# Deriving exponential distribution from arrival time probability.

Consider the following question from "Lectures on Probability Theory and Mathematical Statistics":

The probability that a new customer enters a shop during a given minute is approximately 1%, irrespective of how many customers have entered the shop during the previous minutes. Assume that the total time we need to wait before a new customer enters the shop (denote it by X) has an exponential distribution. What is the probability that no customer enters the shop during the next hour?

The book's solution proceeds by claiming that the rate parameter $$\lambda$$ of the exponential distribution is equal to 1%.

I do not understand how the book arrives at this conclusion. If I try to derive $$\lambda$$ on my own, I get a different solution:

Since the wait time between customer arrivals has an exponential distribution, the customer arrival frequency must have a Poisson distribution. Denote the customer arrival frequency by the random variable A. Then, from the task statement, we have $$P(A\geq1) = 0.01$$. Thus, $$P(A=0) = 0.99$$. This means that $$\frac{e^{-\lambda} \lambda^0}{0!} = 0.99$$. Rearranging, and simplifying, we get $$\lambda = -ln(0.99) \approx 0.01005 \neq 0.01$$. This conflicts with the book's solution, since the parameter $$\lambda$$ of a Poisson distribution is equal to the parameter $$\lambda$$ of its corresponding exponential distribution.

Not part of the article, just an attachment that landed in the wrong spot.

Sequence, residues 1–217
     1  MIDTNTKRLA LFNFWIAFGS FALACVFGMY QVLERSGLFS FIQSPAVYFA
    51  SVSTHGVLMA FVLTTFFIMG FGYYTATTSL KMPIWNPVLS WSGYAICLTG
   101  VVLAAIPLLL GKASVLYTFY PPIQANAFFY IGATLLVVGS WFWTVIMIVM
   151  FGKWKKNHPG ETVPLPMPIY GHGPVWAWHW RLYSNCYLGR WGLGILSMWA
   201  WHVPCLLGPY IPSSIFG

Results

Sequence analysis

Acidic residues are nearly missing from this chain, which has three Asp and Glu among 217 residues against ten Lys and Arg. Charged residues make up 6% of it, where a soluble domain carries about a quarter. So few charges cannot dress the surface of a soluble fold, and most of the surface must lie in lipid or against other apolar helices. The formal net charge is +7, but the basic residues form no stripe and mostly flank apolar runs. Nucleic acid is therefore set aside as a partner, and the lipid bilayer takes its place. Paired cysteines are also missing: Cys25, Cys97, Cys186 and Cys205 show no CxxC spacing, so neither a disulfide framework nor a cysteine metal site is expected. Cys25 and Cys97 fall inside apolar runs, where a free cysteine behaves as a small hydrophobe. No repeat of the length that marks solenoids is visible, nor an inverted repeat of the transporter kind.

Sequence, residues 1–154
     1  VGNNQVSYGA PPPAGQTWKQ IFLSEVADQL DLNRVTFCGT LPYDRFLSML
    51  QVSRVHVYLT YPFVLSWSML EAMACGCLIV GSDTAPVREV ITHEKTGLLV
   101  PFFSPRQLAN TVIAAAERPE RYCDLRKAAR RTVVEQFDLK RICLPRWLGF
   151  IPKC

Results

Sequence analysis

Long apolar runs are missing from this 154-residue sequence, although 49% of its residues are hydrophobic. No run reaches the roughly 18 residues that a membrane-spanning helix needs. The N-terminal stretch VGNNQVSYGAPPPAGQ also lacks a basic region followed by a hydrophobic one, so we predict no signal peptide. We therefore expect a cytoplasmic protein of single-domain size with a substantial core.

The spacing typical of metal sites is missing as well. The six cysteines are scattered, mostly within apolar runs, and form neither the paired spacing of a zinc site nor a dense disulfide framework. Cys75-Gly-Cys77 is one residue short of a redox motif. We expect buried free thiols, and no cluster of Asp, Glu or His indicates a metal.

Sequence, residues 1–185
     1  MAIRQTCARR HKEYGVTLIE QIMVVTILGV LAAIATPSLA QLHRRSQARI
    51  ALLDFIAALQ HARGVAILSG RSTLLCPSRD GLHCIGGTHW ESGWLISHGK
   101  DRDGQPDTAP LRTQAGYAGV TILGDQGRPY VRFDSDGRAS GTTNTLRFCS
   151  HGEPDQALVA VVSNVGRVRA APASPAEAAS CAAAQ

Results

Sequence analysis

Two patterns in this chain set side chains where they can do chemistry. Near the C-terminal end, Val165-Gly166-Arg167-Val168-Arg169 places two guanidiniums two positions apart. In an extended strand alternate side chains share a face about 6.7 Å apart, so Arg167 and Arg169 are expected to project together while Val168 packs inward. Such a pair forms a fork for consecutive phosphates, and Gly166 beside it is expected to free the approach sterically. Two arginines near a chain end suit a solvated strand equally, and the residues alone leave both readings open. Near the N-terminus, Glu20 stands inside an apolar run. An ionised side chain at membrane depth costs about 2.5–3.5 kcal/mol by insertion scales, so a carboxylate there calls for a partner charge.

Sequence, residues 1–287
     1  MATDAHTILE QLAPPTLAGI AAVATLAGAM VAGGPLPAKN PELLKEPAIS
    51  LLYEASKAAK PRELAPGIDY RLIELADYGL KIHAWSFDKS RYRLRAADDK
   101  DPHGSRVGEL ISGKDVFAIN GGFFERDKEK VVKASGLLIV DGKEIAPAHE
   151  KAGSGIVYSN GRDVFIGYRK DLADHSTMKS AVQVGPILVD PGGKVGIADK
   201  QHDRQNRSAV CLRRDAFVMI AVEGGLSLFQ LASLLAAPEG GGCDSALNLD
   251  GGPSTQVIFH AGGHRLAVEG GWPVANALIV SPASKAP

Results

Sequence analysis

Which solution is correct? Why is it correct? What is the source of the discrepancy?

• You are acute to calculate the rate parameter from properties of exponential/Poisson, rather than simply take the 1% rate and set it equal $\lambda$. I guess the purpose of the problem is the latter, because the idea of a Poisson process is that the average rate over an interval is almost equal to $\lambda$ when the interval is small, and therefore you can plug it in directly. Your answer is exactly correct, while the book's is approximate. Consider calculating $\lambda$ when the problem is framed as (1/60)% chance in the next second, and observe how the discrepancy is even smaller. – Tom Chen Apr 30 at 12:20